Algiers — Algerian local elections will be contested by 52 parties, but few of them have managed to gather necessary funds and field candidates in all contests.
With some Algerians questioning the credibility of the local elections scheduled for November 29th, the campaign season is crawling to a sluggish close.
Many have been critical of the government, including Bouguerra Soltani, chairman of the Islamist party Movement for a Society of Peace. "The government has no appetite for change," he said.
After receiving a report from the EU on the elections, the government decided to implement 17 of the 31 recommendations listed, Foreign Minister Mourad Medelci said at a November 6th press conference.
Prime Minister Abdelmalek Sellal assured that the elections would be "credible".
A total of 52 parties are competing for representation. But with many not receiving government approval until recently, smaller parties are experiencing financial difficulties.
That forced some parties to cut their lists of candidates, spoiling their chances of gaining a presence in provincial and local assemblies. It also limited their ability to travel around the country, leaving them to attend community-level meetings with citizens in working-class districts.
Algerian Local Election Monitoring Committee president, Mohamed Seddiki, suggested that the Algerian government give financial aid to small parties to cover their campaign expenses.
Since it is illegal for parties to receive financial assistance from the government, potential parties who would be affected will have to wait for legislative reform.
The only parties to submit lists of over 1,500 candidates that will run for office across the country are the well-established National Liberation Front and the National Democratic Assembly, according to figures released by the Ministry of the Interior.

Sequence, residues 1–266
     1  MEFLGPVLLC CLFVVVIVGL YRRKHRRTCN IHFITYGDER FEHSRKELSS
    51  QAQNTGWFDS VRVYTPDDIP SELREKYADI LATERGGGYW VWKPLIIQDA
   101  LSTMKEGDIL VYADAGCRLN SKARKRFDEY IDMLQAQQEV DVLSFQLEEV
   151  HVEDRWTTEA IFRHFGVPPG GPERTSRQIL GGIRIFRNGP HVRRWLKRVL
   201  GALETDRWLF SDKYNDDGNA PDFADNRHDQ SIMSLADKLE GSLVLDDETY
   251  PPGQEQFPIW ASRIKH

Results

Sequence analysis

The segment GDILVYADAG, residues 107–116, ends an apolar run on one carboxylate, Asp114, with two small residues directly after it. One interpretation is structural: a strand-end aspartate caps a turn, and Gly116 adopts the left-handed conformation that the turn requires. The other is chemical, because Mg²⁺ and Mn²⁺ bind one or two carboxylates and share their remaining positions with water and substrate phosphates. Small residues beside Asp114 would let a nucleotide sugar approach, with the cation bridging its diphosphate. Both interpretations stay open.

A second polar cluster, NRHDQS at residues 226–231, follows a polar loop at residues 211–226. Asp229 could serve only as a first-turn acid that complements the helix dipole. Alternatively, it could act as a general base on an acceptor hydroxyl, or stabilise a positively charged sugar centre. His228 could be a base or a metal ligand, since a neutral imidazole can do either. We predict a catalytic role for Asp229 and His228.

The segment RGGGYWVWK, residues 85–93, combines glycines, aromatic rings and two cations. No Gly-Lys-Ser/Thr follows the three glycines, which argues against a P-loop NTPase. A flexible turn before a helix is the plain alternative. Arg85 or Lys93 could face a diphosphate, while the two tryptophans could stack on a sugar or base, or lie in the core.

Others are making do with the prospect of gaining only a token presence.
"Of the 52 parties competing in local elections, 36 have listed fewer than 100 candidates, 25 of which listed 50 candidates. One party has listed only two," said Interior Minister Dahou Ould Kablia, during a press conference held on October 20th.
Voter apathy is typically high in local elections, and some expect this to be the case on election day.
"Things will likely not change on November 29th", political journalist Kaci Amrani told Magharebia. While there is general agreement on the importance of the elections, citizens expressed hope for reform.
"I want these elections to finally enable us to elect local representatives who are capable of satisfying the aspirations of citizens when it comes to housing, employment and health," said Ramzi B., a medical student.
Some of the more established parties have decided to boycott the election. That includes the Justice and Development party.
The Algerian government does not want to achieve "true democratic openness", the Islamist party leader Abdellah Djaballah said.
Other citizens plan to refrain from voting as a form of protest against the conduct of outgoing mayors. That's the case for Karima Ouali, a public-sector worker who plans to stay home on election day. She said many of the mayors were "being prosecuted for corruption-related offences".